#### 4.1. Gaussian Radar Beams

[24] Plasma motion transverse to the radar wave vector does not give rise to a Doppler shift, as seen from equation (4). However, typical radar beams have significant divergences and thus can be viewed as a superposition of plane waves with a range of wave vectors centered around the beam axis. Therefore, a wave vector in the beam generally has a nonzero component transverse to the beam axis, which, however, for a narrow beam is much smaller than that along the axis. This implies that the scatter will be affected by plasma motion transverse to the beam. For a Gaussian beam there will be wave vector components both parallel and antiparallel to a given flow direction so that the Doppler shift will broaden the fluctuation spectrum detected by the radar.

[25] Figure 1 illustrates schematically a unidirectional plasma flow transverse to a Gaussian radar beam. The dashed circle indicates the full width at half maximum (FWHM) of the beam. Figure 2 shows two spectra of ion acoustic fluctuations, or ion lines, for a plasma drift *v*_{x} = 1.0 km/s in the *x*-direction transverse to the radar line-of-sight and a beam with a Gaussian intensity profile (Figure 1). For typical F-region conditions this velocity is of the order of the ion-acoustic velocity, which determines the overall width of the incoherent scatter spectrum. The dashed spectrum is for the central single transmitted wave vector that is determined by the radar frequency and radar line-of-sight. As the plasma motion occurs transverse to the radar wave vector the ion line spectrum is unaffected by the flow. The solid-line spectrum inFigure 2 is for a transmitted Gaussian beam with a FWHM of 1.2° and is slightly weaker than the dashed spectrum. In this case the radar wave vector generally has components both parallel and antiparallel to the plasma motion, depending on where in the beam, which causes a Doppler broadening of the ion line integrated over the beam cross section. For the narrow beam considered here, the slight spectral broadening implies that the ion line peaks appear about 14 Hz closer to the radar frequency whereas the base of the spectrum is slightly widened.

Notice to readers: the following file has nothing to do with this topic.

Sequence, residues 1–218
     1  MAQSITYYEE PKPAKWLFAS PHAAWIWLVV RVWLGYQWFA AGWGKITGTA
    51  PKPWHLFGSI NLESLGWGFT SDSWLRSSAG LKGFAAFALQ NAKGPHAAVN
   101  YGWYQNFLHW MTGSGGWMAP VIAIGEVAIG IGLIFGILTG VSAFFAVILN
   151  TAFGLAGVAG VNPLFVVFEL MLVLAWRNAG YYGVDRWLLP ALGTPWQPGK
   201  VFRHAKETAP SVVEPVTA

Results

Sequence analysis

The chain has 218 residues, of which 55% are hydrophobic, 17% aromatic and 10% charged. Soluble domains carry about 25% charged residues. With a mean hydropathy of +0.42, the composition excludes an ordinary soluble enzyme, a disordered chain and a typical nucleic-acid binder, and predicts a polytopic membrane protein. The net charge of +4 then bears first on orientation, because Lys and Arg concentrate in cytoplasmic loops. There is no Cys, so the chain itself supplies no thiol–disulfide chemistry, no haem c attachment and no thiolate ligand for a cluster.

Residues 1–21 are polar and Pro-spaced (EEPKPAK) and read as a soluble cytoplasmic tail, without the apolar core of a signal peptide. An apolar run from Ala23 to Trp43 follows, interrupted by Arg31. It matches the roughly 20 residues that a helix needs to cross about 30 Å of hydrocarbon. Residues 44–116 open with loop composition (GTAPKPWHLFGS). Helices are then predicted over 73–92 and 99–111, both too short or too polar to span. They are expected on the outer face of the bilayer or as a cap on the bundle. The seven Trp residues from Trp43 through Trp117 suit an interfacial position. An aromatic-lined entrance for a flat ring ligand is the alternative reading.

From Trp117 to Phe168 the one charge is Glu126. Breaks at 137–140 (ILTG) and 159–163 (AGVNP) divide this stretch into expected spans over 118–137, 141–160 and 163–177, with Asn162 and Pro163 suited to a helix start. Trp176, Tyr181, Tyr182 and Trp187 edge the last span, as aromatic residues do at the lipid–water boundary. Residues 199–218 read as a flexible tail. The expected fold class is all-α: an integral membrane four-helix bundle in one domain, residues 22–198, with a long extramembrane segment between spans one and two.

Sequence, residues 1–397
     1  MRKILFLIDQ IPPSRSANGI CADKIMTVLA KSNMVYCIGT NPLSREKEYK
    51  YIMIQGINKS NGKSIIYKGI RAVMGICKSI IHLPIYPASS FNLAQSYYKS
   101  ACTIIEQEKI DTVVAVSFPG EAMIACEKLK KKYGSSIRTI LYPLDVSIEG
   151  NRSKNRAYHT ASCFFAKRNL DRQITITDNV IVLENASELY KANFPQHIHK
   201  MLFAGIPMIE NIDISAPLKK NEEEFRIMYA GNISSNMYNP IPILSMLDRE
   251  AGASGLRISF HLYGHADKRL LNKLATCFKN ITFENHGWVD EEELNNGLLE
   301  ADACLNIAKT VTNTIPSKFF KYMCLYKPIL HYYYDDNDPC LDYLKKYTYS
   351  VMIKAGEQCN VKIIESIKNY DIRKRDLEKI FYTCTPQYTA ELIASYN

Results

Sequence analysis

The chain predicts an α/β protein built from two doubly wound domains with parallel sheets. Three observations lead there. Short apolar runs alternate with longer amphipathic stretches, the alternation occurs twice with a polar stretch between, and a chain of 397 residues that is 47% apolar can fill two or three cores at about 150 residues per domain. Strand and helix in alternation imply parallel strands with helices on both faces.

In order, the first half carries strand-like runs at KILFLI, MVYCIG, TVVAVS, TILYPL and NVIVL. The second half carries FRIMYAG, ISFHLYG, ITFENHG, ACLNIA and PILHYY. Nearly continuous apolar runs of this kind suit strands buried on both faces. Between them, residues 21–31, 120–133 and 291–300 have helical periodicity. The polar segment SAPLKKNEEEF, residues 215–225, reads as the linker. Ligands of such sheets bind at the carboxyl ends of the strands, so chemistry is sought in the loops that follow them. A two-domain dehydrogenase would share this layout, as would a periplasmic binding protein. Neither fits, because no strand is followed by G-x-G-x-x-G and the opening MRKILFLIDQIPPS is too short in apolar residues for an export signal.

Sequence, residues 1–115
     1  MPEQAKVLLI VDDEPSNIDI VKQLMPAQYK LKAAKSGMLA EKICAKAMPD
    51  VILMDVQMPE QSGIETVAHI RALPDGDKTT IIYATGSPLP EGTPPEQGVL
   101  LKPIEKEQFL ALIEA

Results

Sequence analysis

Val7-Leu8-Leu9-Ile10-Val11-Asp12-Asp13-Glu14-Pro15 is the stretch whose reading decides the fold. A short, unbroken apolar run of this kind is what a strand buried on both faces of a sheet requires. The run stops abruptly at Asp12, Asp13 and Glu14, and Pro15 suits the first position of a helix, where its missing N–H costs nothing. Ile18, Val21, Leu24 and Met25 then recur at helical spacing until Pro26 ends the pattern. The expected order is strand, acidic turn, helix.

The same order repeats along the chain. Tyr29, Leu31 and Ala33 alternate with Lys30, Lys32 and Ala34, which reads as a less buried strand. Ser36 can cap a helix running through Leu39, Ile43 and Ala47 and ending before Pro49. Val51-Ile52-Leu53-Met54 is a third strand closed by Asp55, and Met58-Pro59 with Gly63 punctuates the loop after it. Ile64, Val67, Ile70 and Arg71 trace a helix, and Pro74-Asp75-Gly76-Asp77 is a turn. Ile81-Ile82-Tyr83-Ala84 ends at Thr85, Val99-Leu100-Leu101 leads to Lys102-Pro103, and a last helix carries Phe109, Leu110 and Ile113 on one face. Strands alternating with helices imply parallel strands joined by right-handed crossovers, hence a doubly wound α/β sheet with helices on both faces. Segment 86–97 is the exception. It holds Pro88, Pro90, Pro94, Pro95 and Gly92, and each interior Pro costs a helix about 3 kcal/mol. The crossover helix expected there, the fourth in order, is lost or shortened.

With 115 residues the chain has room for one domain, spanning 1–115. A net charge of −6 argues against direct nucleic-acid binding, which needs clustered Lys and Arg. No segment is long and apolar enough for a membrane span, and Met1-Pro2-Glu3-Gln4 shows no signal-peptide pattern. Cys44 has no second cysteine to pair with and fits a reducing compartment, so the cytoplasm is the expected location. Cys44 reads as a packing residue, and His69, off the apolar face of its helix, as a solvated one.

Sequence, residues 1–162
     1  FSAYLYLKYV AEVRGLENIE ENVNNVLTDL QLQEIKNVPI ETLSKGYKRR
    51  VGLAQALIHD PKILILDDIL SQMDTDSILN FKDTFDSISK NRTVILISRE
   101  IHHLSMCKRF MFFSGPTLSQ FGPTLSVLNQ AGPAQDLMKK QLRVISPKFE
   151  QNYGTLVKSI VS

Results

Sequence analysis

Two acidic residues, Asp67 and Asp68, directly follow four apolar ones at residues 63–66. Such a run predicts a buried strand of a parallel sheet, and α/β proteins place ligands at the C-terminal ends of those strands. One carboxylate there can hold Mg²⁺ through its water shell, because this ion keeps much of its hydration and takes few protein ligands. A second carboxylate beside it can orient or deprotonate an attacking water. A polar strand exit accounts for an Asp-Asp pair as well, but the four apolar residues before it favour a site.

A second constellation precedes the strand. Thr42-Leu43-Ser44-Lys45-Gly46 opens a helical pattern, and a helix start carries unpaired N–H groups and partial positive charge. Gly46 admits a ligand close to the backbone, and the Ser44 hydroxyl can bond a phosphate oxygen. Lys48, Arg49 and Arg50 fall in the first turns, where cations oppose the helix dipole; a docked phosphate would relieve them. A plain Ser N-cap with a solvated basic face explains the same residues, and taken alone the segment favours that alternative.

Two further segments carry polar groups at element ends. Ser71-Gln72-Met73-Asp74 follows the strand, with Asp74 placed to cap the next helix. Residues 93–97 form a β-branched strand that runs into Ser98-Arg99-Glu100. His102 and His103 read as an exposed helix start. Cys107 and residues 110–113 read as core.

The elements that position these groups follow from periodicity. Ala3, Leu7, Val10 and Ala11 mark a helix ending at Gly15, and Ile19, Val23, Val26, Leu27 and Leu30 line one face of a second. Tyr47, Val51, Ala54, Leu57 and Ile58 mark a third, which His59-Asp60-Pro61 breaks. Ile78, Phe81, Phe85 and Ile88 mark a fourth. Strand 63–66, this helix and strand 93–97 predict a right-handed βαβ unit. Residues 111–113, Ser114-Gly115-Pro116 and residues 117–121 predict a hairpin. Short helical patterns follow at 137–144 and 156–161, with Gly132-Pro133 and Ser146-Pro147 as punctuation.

[26] A broader beam and/or a higher flow velocity would increase the Doppler broadening. The EISCAT UHF and EISCAT Svalbard antenna dishes produce beams with divergences of 0.5° and 0.6°, respectively, so that the spectral broadening would be roughly only half of that at PFISR. On the other hand, flows with higher Mach numbers *M* have been observed on occasions, higher than *M* ≈ 10 (electric fields up to 600 mV/m) [*Lanchester et al.*, 1998]. If the effect is not taken into account in the data analysis (as has been the case so far, to our knowledge), the ion temperature gets overestimated accordingly.

[27] A twisted beam with a FWHM approximately that of the Gaussian beam used for Figure 2 would give approximately the same broadening of the ion line spectrum as the Gaussian beam, in the case of unidirectional transverse flow (Figure 1).

#### 4.2. Twisted Radar Beams

[28] As seen from equation (4), plasma flow strictly transverse to the radar wave vector does not cause a Doppler shift of a backscattered signal. However, according to equation (6) a rotational frequency shift (Δ*ω*_{R}) may occur if the plasma has an angular velocity (Ω ≠ 0) relative to the radar and the radar beam carries angular momentum (*j* ≠ 0).